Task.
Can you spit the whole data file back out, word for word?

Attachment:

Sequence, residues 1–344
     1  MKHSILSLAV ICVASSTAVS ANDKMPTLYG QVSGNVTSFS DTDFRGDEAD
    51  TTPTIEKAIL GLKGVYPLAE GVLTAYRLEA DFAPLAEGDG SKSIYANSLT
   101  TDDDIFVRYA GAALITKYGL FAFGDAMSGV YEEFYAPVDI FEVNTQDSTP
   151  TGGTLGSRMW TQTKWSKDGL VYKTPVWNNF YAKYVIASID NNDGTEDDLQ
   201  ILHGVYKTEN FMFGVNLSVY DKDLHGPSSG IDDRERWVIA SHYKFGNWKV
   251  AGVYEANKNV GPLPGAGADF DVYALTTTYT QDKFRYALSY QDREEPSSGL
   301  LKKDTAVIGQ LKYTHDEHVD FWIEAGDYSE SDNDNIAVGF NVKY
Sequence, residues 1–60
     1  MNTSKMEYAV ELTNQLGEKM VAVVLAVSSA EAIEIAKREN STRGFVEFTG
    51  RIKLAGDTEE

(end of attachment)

Sequence, residues 1–344
     1  MKHSILSLAV ICVASSTAVS ANDKMPTLYG QVSGNVTSFS DTDFRGDEAD
    51  TTPTIEKAIL GLKGVYPLAE GVLTAYRLEA DFAPLAEGDG SKSIYANSLT
   101  TDDDIFVRYA GAALITKYGL FAFGDAMSGV YEEFYAPVDI FEVNTQDSTP
   151  TGGTLGSRMW TQTKWSKDGL VYKTPVWNNF YAKYVIASID NNDGTEDDLQ
   201  ILHGVYKTEN FMFGVNLSVY DKDLHGPSSG IDDRERWVIA SHYKFGNWKV
   251  AGVYEANKNV GPLPGAGADF DVYALTTTYT QDKFRYALSY QDREEPSSGL
   301  LKKDTAVIGQ LKYTHDEHVD FWIEAGDYSE SDNDNIAVGF NVKY
Sequence, residues 1–60
     1  MNTSKMEYAV ELTNQLGEKM VAVVLAVSSA EAIEIAKREN STRGFVEFTG
    51  RIKLAGDTEE